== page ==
AWS lights brighter path to Amazon Aurora

Amazon Web Services, Inc. (AWS) is gearing up for AWS re:Invent at the end of November and, yes, that’s an In Real Life (IRL) event i.e. real people elbow-bumps.

But even with a forthcoming event in the diary, the company isn’t holding back on its news stream (when you’re that big, why would you?) and so AWS has now announced the availability of Babelfish for Amazon Aurora PostgreSQL-Compatible Edition.

This is a new capability that allows developers to run applications written for Microsoft SQL Server directly on Amazon Aurora, with what are promised to be ‘little to no’ code changes. 

As all self-respecting software engineers and cloud architects will know, Amazon Aurora (aka Aurora) itself is a fully managed relational database engine compatible with MySQL and PostgreSQL. AWS says that with ‘some workloads’, Aurora can deliver up to five times the throughput of MySQL and up to three times the throughput of PostgreSQL without requiring changes to most existing applications.

Babelfish for Aurora PostgreSQL enables Amazon Aurora to understand commands from applications written for Microsoft SQL Server, which in theory makes it easier for customers to migrate to Amazon Aurora. 

With Babelfish for Aurora PostgreSQL, customers migrate their data and configure their application to point to Amazon Aurora, reducing costs and simplifying operations by removing the dependency on Microsoft SQL Server. 

Babelfish for PostgreSQL 

Also announced, open source Babelfish for PostgreSQL makes the same Microsoft SQL Server language capability in Babelfish for Aurora PostgreSQL available to any organisation interested in running PostgreSQL and the source code for Babelfish for PostgreSQL is available on GitHub under the permissive Apache 2.0 and PostgreSQL licenses for anyone who wants to extend it or use it for any purpose under the terms of the license. 

AWS claims that many organisations could feel ‘constrained by commercial-grade database options’ today – but why? Because (says AWS) they don’t offer the flexibility and database freedom of modern offerings.

“Commercial-grade databases offer high performance but are expensive, proprietary and have high lock-in and punitive licensing terms that arbitrarily change. Many customers have moved to open source database engines like PostgreSQL and MySQL because they want the performance of commercial-grade databases with the pricing and flexibility open-source engines provide,” asserts AWS.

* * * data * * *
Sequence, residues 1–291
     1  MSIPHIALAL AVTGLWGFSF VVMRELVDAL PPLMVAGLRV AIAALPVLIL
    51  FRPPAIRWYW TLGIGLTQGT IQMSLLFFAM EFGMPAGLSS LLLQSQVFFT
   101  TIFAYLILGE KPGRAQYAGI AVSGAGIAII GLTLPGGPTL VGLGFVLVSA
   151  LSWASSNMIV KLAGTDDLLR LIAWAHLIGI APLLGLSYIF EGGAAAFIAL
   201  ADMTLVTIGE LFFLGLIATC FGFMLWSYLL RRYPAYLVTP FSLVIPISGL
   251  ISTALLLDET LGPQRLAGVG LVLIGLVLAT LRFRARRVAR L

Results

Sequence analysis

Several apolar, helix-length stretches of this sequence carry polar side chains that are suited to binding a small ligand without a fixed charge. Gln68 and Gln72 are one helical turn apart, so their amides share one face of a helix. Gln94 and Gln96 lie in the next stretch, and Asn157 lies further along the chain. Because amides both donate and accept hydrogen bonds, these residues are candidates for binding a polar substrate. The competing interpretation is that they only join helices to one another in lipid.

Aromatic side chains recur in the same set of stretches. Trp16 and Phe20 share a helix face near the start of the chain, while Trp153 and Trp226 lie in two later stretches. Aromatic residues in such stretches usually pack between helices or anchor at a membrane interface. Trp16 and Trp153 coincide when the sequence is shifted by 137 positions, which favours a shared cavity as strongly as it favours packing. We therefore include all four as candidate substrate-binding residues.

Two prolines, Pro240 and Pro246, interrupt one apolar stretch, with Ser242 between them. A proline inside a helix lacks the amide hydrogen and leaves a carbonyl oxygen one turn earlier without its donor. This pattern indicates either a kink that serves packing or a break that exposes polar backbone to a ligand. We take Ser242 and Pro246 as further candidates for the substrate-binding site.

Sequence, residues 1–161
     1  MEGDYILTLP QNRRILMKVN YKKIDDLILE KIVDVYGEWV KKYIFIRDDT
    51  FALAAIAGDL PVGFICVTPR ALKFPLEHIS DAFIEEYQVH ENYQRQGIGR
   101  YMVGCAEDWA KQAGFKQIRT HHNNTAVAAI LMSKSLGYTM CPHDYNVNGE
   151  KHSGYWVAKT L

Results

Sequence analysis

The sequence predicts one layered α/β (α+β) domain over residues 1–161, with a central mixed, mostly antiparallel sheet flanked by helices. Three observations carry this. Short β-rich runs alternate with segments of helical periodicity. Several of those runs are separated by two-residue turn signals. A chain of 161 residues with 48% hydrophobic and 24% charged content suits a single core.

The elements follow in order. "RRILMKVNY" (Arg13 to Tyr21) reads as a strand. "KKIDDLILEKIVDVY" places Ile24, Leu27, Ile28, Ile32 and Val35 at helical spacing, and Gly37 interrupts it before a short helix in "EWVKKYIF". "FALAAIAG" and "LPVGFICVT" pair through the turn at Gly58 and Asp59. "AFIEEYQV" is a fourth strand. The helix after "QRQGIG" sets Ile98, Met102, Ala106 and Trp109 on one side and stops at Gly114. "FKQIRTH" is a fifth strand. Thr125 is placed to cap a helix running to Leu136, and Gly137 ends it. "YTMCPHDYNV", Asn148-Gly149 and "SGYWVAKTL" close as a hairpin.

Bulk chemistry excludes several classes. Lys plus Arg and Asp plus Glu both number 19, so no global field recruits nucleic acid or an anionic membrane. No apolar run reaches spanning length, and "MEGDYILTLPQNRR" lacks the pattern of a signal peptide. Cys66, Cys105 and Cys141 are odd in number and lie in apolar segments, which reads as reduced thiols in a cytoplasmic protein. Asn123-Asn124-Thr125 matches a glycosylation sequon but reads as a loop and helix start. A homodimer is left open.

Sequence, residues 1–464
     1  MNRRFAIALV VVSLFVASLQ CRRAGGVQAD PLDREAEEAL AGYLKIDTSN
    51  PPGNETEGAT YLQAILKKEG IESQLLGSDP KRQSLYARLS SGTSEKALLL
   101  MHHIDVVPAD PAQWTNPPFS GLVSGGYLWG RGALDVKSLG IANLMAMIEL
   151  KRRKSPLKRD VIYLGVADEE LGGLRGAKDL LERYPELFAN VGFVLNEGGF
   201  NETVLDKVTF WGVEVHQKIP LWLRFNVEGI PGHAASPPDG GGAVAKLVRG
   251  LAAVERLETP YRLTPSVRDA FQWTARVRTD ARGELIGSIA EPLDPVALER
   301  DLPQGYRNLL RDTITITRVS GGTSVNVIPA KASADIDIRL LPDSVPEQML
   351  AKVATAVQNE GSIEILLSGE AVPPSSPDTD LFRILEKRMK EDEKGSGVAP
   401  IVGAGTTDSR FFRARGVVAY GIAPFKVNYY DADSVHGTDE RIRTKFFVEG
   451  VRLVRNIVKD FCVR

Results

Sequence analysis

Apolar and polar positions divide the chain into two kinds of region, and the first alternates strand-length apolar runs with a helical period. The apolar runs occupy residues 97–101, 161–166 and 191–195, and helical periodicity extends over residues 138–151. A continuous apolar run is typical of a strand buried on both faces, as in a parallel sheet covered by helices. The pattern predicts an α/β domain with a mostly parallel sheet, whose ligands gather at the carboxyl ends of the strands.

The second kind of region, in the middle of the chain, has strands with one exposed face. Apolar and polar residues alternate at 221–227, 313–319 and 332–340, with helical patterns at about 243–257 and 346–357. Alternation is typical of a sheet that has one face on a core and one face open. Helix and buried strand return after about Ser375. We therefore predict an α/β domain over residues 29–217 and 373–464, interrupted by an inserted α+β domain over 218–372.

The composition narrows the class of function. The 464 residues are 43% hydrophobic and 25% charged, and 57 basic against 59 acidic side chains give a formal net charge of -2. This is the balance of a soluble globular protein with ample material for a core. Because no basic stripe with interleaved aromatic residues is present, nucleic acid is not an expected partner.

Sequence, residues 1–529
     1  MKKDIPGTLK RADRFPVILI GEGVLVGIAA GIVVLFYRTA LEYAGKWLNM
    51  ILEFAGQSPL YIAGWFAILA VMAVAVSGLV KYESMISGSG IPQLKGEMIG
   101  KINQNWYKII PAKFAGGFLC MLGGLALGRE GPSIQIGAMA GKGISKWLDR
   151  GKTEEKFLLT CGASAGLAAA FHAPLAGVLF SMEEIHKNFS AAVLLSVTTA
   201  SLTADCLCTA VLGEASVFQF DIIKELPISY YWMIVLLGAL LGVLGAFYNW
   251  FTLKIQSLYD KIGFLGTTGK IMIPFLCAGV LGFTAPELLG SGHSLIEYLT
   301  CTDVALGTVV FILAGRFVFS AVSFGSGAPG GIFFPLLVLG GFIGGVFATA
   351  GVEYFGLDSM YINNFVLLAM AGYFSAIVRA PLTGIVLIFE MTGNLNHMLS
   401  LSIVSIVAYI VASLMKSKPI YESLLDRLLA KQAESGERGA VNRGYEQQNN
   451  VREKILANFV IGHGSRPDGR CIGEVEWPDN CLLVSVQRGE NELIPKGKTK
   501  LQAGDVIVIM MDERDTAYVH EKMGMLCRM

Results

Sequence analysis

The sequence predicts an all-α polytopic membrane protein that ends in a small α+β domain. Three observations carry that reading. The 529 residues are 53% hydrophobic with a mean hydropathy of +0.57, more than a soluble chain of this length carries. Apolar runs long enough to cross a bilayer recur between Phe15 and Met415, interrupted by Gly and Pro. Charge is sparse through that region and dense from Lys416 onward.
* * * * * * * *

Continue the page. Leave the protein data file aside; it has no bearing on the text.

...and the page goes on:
However, there’s a deeper truth here because configuring open source database engines to achieve high performance is time-consuming and labour intensive.

According to Raju Gulabani, VP of databases and analytics at AWS and team, “That’s why today more than 100,000 customers choose to run their database workloads on Amazon Aurora, a fully managed MySQL and PostgreSQL-compatible database that delivers the performance and availability of the highest-grade commercial databases at one tenth the cost. Today, customers use AWS Database Migration Service (AWS DMS) to migrate databases to the cloud and take advantage of high-performance open source engines,” added the AWS team.

Once the initial database migration is complete, customers still need to migrate their application logic to run on PostgreSQL. Migrating application logic requires manual coding, is time consuming, and is often tied to proprietary database commands. 

Customers interested in adopting PostgreSQL and enjoying the benefits of running an open-source database engine on AWS want an easier way to migrate their Microsoft SQL Server applications to Amazon Aurora.

In addition to the Amazon Aurora offering, the source code for Babelfish for Aurora PostgreSQL is now available on GitHub under the permissive Apache 2.0 and PostgreSQL licenses for anyone to view. 

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